Road Tripping the USAPosted on: 14 December 2009 by Mark O'haire
Mills & Boon author Heidi Rice offers her essential dos and don'ts for anyone thinking of taking an American road trip.
Mills & Boon author Heidi Rice takes time out every couple of years (or whenever she can get away with it) to take a two-week American road trip with her best mate. They’ve been doing their Thelma and Louise thing since their college days, and consider themselves experts.
So if you’ve ever thought of doing an American road trip, here’s some of Heidi’s essential Dos and Don’ts…
Do travel off season. The USA is the can-do society, but you’ll get much better availability and rates if you’re not one of the herd. We did California in October and drove through the famously crowded Yosemite National Park without seeing another car.
Do keep your eye on the weather. Avoid the Gulf Coast and the South Eastern seaboard during hurricane season (which runs officially from June to November). Similarly the winter months aren’t a great idea in the Northern States and the Midwest – unless you fancy driving through blizzards or braving ice storms.
Do book your flights early and be flexible on dates. Websites such as www.expedia.com and www.travelocity.co.uk offer flights from a range of different airlines and can give you cheap deals it you pay well in advance.
Do watch the exchange rate. Keep your eye on the dollar rate in the run-up to your trip to get the most bang for your buck (or should that be pound).
Do consider camping! American camping, particularly near the National Parks, can be much more convenient than you might expect and can be a cheaper and more nature-affirmative way to experience the great outdoors. The KOA have campgrounds all across the States and you can book a cabin (which avoids having to transport camping equipment) with its own porch and picnic table, proper beds and a heater for cold nights, so all you have to do is buy a $10 sleeping bag and a disposable BBQ from Walmarts.
Do go on a low-fat binge before you go. America is a smorgasbord of incredible ethnic cuisine — from Soul Food in the South to Navajo frybread and pork chilli stew in Arizona — but you don’t want to come home with a butt the size of a Mac Truck.
Do check into a B&B. In the States, B&Bs are the luxury option, which have the added benefit of being run by local people in local neighbourhoods (www.bedandbreakfast.com). We once enjoyed a great karaoke night at a bar in St Michaels Maryland after a recommendation from our B&B owner.
Do take your hire car back to where you picked it up. Most hire companies will charge a huge ‘drop-off’ charge if you don’t.
Don’t forget to book your first night’s accommodation. US Immigration now require you to register the address of your first night’s stay before you arrive at the airport. And anyway, driving around in the dark, severely jetlagged, on unfamiliar roads looking for a motel can be a pain. We once arrived at Washington DC’s airport and had a ‘we’ve come on holiday by mistake’ moment when we nearly had to check into the hotel right opposite the State Penitentiary!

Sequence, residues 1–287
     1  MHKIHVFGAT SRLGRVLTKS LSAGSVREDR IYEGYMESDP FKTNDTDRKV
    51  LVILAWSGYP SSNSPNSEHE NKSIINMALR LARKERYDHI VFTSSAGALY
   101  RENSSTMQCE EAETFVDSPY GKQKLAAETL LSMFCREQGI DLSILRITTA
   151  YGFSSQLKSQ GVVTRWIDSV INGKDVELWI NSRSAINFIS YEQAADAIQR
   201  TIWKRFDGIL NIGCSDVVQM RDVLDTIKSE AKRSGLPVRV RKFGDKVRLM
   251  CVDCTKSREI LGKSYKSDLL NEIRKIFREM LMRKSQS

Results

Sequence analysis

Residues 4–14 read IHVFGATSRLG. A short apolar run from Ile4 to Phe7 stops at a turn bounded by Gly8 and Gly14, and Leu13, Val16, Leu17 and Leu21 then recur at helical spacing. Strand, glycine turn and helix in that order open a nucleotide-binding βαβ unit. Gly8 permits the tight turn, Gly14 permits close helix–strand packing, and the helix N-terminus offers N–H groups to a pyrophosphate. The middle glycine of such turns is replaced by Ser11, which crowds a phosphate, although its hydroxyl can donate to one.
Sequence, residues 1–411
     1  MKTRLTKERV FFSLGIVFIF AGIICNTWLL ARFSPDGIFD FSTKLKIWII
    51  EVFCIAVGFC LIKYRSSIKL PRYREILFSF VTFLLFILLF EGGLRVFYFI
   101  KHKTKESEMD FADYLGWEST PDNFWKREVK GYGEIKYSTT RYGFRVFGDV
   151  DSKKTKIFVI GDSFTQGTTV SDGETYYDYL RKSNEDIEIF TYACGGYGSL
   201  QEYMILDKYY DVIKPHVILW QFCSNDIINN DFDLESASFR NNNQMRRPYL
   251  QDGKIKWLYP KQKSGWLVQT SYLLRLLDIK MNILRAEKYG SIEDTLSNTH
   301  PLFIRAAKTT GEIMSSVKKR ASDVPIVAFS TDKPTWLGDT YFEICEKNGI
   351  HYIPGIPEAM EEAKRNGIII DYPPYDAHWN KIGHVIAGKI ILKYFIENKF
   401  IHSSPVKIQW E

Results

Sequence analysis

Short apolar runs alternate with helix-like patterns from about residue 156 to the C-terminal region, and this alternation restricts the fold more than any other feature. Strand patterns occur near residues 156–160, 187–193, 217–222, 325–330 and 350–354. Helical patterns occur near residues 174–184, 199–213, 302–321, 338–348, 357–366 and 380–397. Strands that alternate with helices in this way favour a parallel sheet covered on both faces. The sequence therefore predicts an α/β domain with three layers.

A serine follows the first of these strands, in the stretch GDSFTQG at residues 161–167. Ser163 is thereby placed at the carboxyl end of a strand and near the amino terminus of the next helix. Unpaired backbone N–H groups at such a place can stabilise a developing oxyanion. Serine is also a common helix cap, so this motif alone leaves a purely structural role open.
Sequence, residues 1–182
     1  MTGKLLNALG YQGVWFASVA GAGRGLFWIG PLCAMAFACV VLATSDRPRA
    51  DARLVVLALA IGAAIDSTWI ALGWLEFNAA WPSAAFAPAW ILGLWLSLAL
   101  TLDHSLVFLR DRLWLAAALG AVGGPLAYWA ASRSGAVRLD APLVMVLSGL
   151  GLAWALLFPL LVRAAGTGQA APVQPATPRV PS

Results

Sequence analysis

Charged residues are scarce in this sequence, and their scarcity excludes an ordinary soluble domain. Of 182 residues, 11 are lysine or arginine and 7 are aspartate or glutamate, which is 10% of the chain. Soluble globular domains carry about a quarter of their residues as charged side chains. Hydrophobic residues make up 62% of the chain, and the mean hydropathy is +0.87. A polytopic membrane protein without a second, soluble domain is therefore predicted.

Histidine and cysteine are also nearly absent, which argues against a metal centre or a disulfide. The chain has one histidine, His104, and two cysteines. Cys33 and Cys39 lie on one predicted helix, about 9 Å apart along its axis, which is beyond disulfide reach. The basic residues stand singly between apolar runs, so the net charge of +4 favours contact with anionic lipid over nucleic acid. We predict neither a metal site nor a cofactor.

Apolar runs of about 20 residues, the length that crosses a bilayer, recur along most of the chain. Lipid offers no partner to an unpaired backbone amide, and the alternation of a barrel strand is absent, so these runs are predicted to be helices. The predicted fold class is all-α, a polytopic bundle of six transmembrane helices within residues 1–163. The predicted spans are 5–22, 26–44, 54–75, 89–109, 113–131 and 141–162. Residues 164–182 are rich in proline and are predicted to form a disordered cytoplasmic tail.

Don’t be boring with your travel arrangements. If you do book early you don’t have to travel to and from the same place. One year we landed in Dallas, flew from there to New Orleans, got an Amtrak train from New Orleans to Atlanta to tour the Smokies and finally flew home from there. Both Expedia and Travelocity have multi-destination facilities where you can check out your options. And Amtrak’s trains can be booked in advance on www.amtrak.com. Particularly fun are their sleeper cabins for overnight travel… And their onboard restaurants are sensational. I can still remember the Blackened Catfish Supper on the Sunset Limited from Houston to New Orleans!
Don’t book all your accommodation in advance. The real beauty of an American road trip is being free to stop wherever you fancy. And there’s nothing more wonderful than finding that hidden gem. After flying into Las Vegas one year we discovered its fabulously kitsch but much more low-key neighbour Boulder City. One of the motels did themed Honeymoon suites and we had a hoot in the Arabian Nights room with its plastic jewel encrusted ceiling and gold lame sheets!
Don’t be afraid to go native and get off the beaten track. If you’re touring Monument Valley for example, don’t drive round in your car, book one of the Navajo guides listed in the local papers. They’ll drive you through in their battered pick-up, let you get out and walk around and even show you where John Ford shot The Searchers. Big isn’t always better if you want to see the real America.
Don’t forget to tip. American services run on a tipping system, most staff are low-paid and rely on the income, so a $20 bill left for your chamber maid is a nice touch.
Don’t use a Credit Card. Most companies charge extra now for using your card abroad. American Express Travellers Cheques can be purchased from your own bank – or the Post Office - without a commission and can be used like cash in every shop, bar, restaurant, hotel, etc. I’ve ever been to.
Don’t pay the excess insurance charges on your hire car. You can get car rental excess insurance from places such as www.insurance4carhire.com for a fraction of the rate charged by car hire companies.
So now you’re all set…. Thelma and Louise eat your heart out!
By Heidi Rice
About The Author
Heidi Rice was born and bred and still lives in London with her husband, two boys and pet hamster. As much as Heidi adores ‘the Big Smoke’, she also loves America, and every two years or so she and her best friend leave hubby and kids behind and Thelma and Louise-it across the States for a couple of weeks, (although they always leave out the driving off a cliff bit).
A self-confessed romance junkie, Public Affair, Secretly Expecting is her seventh title.
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